Their response shines a searchlight on the Church in our days. Too often we are more interested in getting Jesus to come where we are than in finding out where He is. Oh, we’re willing to travel halfway around the world if we hear there is a great move of God happening. But have we asked Him where He is staying? That could very well be different for each one of us. So it is critical that we ask Him where is He staying. Where can we find Him?
Smiling at their alacrity, Jesus also had His answer ready. He had looked into their hearts and was not surprised by their answer. His response was in the form of an invitation. Come and see. Jesus was inviting them home. They would find a home in the presence of Jesus—the home they had been looking for all of their lives.
Phillip then runs to get Nathaniel, urging him to ‘come and see.’ The woman at the well goes into her city and encourages the town folk to ‘come and see.’ This is an ancient invitation that still sounds from an ancient garden, calling us home. And it is the sound that needs to be resounded in our times. It is the call of the true evangelist!
2. And Jesus stopped and called them, and said, “What do you want Me to do for you?” (Matthew 20:32).
Another penetrating question sounds forth from the heart of the Son of man. It is a question looking for its answer. How do we answer that question? Probing our heart, the question asks if we know what we really want. Is it healing? Is it friendship? Do we want forgiveness for our wretchedness? Someone to care for us? Do we want a severed relationship restored? Whatever the answer given, Jesus has a loving response.
At the same time it is a question seeking to open a door. The heart of Jesus is ready to respond to whatever the answer. This is not just a curious question needing to understand man’s desires or expose his selfish requests; it is a question seeking to respond to man’s most intimate wants and needs. The question is birthed in the pool of heavenly love, longing to draw into its healing waters the sick, hopeless, helpless, broken, and lost.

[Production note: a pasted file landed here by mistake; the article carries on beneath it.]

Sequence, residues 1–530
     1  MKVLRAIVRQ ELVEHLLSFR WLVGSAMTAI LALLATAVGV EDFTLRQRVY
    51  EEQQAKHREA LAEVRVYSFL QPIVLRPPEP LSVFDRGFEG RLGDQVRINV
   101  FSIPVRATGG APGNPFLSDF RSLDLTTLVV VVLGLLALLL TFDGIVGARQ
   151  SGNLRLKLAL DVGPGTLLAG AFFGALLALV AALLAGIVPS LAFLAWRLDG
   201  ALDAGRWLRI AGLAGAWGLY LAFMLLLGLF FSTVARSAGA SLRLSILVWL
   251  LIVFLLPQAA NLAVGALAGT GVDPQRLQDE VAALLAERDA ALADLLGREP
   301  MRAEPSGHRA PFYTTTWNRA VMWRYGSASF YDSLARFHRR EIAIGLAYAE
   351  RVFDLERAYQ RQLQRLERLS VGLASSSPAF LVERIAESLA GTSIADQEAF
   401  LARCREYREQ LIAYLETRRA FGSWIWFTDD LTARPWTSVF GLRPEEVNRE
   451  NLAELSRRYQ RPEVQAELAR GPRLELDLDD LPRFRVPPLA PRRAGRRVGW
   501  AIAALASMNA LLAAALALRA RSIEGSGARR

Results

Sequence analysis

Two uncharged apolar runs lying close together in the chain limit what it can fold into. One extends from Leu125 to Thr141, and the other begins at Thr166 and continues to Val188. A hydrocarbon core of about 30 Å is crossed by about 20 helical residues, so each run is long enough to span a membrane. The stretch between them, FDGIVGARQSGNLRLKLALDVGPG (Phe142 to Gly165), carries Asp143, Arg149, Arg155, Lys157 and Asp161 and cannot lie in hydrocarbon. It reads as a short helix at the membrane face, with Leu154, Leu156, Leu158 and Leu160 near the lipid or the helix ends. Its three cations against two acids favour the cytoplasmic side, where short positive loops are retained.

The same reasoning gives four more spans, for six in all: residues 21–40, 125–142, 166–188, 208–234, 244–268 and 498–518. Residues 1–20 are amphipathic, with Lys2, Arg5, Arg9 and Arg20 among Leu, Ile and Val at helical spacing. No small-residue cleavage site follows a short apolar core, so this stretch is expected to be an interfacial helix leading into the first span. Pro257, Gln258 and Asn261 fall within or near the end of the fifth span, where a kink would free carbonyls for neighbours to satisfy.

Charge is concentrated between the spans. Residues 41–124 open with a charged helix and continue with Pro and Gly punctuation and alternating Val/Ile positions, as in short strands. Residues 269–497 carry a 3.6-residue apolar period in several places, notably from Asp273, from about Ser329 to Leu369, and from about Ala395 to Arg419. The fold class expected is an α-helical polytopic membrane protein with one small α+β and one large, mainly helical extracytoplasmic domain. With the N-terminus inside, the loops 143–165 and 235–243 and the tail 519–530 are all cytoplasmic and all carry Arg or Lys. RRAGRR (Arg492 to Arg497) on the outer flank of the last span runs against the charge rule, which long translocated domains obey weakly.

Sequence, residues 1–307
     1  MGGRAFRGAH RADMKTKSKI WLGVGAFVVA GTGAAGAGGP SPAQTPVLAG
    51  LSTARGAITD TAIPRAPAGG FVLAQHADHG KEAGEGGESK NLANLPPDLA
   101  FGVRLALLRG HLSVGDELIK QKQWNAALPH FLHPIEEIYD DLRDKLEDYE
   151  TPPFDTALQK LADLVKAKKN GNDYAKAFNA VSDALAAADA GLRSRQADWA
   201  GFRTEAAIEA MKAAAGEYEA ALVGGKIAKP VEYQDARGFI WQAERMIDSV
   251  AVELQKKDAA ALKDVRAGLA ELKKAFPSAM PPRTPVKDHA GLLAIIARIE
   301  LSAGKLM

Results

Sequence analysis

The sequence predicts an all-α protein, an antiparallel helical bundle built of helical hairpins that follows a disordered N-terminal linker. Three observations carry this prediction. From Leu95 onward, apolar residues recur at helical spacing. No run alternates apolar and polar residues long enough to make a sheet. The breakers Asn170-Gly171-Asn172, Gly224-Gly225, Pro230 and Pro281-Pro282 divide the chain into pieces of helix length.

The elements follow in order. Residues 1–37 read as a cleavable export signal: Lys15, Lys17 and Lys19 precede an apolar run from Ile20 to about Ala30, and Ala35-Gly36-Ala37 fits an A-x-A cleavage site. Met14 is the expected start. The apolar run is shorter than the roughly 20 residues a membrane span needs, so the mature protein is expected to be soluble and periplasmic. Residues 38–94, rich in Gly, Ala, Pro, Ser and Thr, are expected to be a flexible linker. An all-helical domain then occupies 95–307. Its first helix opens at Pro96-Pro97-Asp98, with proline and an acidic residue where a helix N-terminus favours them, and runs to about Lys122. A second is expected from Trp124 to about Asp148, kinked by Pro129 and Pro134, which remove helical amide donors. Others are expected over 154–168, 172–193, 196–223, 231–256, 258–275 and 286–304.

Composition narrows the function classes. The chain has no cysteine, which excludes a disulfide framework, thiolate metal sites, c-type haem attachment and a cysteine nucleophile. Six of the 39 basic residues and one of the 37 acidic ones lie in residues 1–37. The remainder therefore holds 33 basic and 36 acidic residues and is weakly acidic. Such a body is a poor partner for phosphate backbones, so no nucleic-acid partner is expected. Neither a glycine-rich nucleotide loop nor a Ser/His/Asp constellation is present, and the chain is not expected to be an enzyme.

The Lord cares deeply about the hidden desires of man. Pushing their way up through the disappointments and failures of life, these longings of our hearts are like a signal light searching the heavens for an answer—for someone to calm our troubled waters, heal our pain, and save our families. There is One who saw our S.O.S., and before it was ever signaled He and the Son of His love planned the rescue mission. That Son now asks you the question, “What do you want Me to do for you?”
3. So when He had washed their feet, and taken His garments and reclined at the table again, He said to them, “Do you know what I have done to you?” (John 13:12). This last question may be the key to the whole ministry of Jesus as well as the true ministry of the Church. The answer to this question can unlock the secret codes of the ancient language of Eden. Here again we are confronted with a challenge—the challenge of familiarity. Having read these verses so many times we believe we understand them. We know the beginnings of Jesus’ stories, and we know the ends, but have we caught the hidden meanings? We skim over the words in familiarity, and again and again chance missing the power of their true spiritual meaning. Do we really know what He did that night when He washed the disciples’ feet? We are proud of ourselves when we make this a sacrament in our churches, but may have missed its true significance. It is easier to celebrate a sacrament than it is to walk in a truth.
The events of that evening became a sign for all future generations. Have you been taught the power of the towel? Jesus was leaving no room for doubt as He knelt at the feet of each disciple that servant hood was the calling He entrusted to us. As Jesus had served them, so He calls us to serve one another.